How to protect your cryptocurrency from cyber attacks
DURBAN – Much like in the traditional investment world, cryptocurrency scams take place every day.
So how do you protect yourself against these criminals?
Luno, a South African cryptocurrency exchange said that it is imperative to be aware of the tactics being used in crypto scams despite safeguards already put in place to protect customers.
Marius Reitz, General Manager for Africa at Luno, unpacks the most common scam tactics and explains how to avoid losing your crypto to a con artist.
The most common method in cyber theft is tricking users into sharing information or granting scammers access to their accounts. Similar to the way hackers attempt to compromise traditional banks, crypto scam attempts are often disguised as requests from valid operations. The good news is there are a number of safeguards built into Luno’s platform which provide additional layers of security for users to avoid being scammed.
Customers should always be sceptical of anyone claiming to work for Luno or representing Luno in their personal capacity. Luno is not associated with any third-party "investment scheme" or "trading platform" and does not permit third-party trading accounts.
There are several things you should know about cryptocurrency service providers and how they contact you. More importantly, there are questions Luno will never ask, so any of these should immediately raise an alarm: your password, banking details, one-time-PIN (OTP), two-factor authentication (2FA) code or authorisation links. Luno will never threaten to deactivate or close your account if you don’t click on a link or upgrade your account.
Remember that if something sounds too good to be true, it probably is. Luno will never guarantee any kind of return on your cryptocurrency and we advise our customers to be cautious of people who offer to trade on their behalf.
Scammers may invite you to a social media group to give the impression that it is a legitimate entity or ask you to send them cryptocurrency through the Luno platform in exchange for a fee. Tricksters may ask you for your Luno account login details, or ask you to open a Luno account on their behalf so they can buy, sell, receive, send, or trade cryptocurrency, offering you compensation in return.
If you suspect someone has accessed your Luno account, report this suspicious activity via the app or email and lock your account to prevent scammers from accessing your wallet. You can also switch off the ability to send cryptocurrency from your Luno wallet (this is off by default) and you can further secure your account by enabling 2FA. This keeps your account more secure when logging in or sending money out by requiring two things to complete any task: something you know (like your password) and something you have (like your mobile phone).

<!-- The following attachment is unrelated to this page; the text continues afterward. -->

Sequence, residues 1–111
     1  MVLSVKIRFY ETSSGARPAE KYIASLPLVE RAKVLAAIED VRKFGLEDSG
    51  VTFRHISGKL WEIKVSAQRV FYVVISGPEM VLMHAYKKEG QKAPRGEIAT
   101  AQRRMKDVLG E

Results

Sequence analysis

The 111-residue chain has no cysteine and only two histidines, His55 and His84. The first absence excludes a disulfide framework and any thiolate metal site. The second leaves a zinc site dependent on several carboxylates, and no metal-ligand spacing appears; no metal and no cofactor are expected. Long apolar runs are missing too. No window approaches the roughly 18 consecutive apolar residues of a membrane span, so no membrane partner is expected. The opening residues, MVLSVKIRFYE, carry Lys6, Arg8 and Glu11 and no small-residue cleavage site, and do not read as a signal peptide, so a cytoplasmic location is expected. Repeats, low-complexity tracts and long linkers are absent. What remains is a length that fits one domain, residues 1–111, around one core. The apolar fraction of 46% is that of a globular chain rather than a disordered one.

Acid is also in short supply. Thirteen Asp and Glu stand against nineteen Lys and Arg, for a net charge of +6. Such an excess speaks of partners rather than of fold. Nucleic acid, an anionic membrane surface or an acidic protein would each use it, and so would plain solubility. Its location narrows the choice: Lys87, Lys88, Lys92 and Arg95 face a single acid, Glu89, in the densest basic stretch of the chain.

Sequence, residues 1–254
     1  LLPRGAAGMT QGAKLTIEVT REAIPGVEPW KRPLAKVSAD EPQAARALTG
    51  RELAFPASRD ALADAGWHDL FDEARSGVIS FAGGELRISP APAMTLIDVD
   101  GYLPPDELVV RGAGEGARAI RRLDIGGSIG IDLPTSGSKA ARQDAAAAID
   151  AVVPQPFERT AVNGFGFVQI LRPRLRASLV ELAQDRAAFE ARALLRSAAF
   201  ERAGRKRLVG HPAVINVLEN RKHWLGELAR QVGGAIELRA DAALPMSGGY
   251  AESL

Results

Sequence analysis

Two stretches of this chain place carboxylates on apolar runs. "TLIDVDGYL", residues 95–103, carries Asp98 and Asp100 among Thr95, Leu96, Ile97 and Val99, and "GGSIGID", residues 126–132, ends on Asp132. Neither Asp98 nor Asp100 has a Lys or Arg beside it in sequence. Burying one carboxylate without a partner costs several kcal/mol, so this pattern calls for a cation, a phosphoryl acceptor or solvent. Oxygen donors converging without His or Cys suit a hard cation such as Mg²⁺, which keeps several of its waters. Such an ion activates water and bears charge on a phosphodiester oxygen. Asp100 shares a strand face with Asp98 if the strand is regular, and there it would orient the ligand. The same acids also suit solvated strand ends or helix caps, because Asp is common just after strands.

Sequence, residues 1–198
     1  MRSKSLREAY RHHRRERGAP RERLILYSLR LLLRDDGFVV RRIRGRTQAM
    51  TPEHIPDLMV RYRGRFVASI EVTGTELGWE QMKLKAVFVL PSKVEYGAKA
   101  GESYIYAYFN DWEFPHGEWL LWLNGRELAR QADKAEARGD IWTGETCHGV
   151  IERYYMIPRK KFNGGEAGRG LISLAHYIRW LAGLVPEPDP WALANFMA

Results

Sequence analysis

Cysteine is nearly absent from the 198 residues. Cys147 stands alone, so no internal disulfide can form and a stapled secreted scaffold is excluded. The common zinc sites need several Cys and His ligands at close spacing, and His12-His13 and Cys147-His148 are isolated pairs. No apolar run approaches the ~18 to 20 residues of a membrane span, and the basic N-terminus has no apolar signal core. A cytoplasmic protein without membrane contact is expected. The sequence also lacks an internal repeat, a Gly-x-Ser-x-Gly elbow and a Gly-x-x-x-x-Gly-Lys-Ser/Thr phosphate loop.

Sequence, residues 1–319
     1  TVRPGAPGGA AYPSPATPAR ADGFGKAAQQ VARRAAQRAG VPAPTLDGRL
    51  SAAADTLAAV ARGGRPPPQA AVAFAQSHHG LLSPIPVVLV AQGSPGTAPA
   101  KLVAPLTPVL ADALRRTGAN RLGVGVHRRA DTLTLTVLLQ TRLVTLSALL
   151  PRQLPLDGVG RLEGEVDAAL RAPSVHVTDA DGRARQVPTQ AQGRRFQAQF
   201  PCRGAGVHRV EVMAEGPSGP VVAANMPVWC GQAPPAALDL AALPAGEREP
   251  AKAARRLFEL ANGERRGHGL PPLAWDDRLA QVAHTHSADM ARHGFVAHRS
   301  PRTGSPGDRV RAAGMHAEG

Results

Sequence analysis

Phishing uses disguised email as a weapon. The email recipient is tricked into believing that the message is something they want or need, or is designed to drive fear and urgency - this may include a request from their bank or crypto exchange, for instance, or a note from someone in their company along the lines of, "Your account is not secure and hackers may have access to it. Click the link and follow the instructions to prevent this." The recipient then clicks the link or downloads an attachment and inadvertently shares personal, sensitive information with the scammer.
Smishing (SMS phishing) takes place through SMS communication, similar to phishing, whereby scammers trick victims into revealing security codes sent to their mobile devices or transferring money to them.
Twishing (phishing through Twitter) is when a phisher tweets to or sends a direct message to a Twitter user with a link to a fraudulent website. If the user signs into that site, the phisher obtains their private information or login credentials, such as a username and password, which may be used elsewhere on the internet to access email inboxes and even cryptocurrency wallets.
Vishing (voice phishing) is a similar type of attack where voice is used instead of email. Attackers will phone a victim to prime an attack or ask to guide them through changing settings or disclosing a password. Victims are fooled into providing valuable account information over the phone.
Spoofing sees attackers impersonating people familiar to the victim either by sending an email as someone else or changing the address very slightly to appear as if from the legitimate sender. Always look carefully at the email address. Although cryptocurrencies are not currently regulated in South Africa, Luno operates as though it is regulated. The business follows stringent KYC (know your customer) and AML (anti-money laundering) measures, which are digitally implemented across the 40 countries in which it operates.
Marius Reitz, General Manager for Africa at Luno
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